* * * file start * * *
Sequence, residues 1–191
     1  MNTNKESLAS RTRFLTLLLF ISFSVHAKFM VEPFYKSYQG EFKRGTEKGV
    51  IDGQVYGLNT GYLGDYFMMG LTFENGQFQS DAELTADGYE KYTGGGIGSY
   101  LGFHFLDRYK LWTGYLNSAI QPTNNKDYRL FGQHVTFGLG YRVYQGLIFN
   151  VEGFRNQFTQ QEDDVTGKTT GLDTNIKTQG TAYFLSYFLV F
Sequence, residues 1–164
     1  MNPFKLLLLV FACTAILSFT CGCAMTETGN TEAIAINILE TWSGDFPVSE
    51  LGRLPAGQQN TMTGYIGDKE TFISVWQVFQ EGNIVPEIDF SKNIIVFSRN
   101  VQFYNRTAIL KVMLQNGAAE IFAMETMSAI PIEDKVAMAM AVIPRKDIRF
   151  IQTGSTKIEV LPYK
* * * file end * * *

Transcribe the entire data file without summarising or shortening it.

Sequence, residues 1–191
     1  MNTNKESLAS RTRFLTLLLF ISFSVHAKFM VEPFYKSYQG EFKRGTEKGV
    51  IDGQVYGLNT GYLGDYFMMG LTFENGQFQS DAELTADGYE KYTGGGIGSY
   101  LGFHFLDRYK LWTGYLNSAI QPTNNKDYRL FGQHVTFGLG YRVYQGLIFN
   151  VEGFRNQFTQ QEDDVTGKTT GLDTNIKTQG TAYFLSYFLV F
Sequence, residues 1–164
     1  MNPFKLLLLV FACTAILSFT CGCAMTETGN TEAIAINILE TWSGDFPVSE
    51  LGRLPAGQQN TMTGYIGDKE TFISVWQVFQ EGNIVPEIDF SKNIIVFSRN
   101  VQFYNRTAIL KVMLQNGAAE IFAMETMSAI PIEDKVAMAM AVIPRKDIRF
   151  IQTGSTKIEV LPYK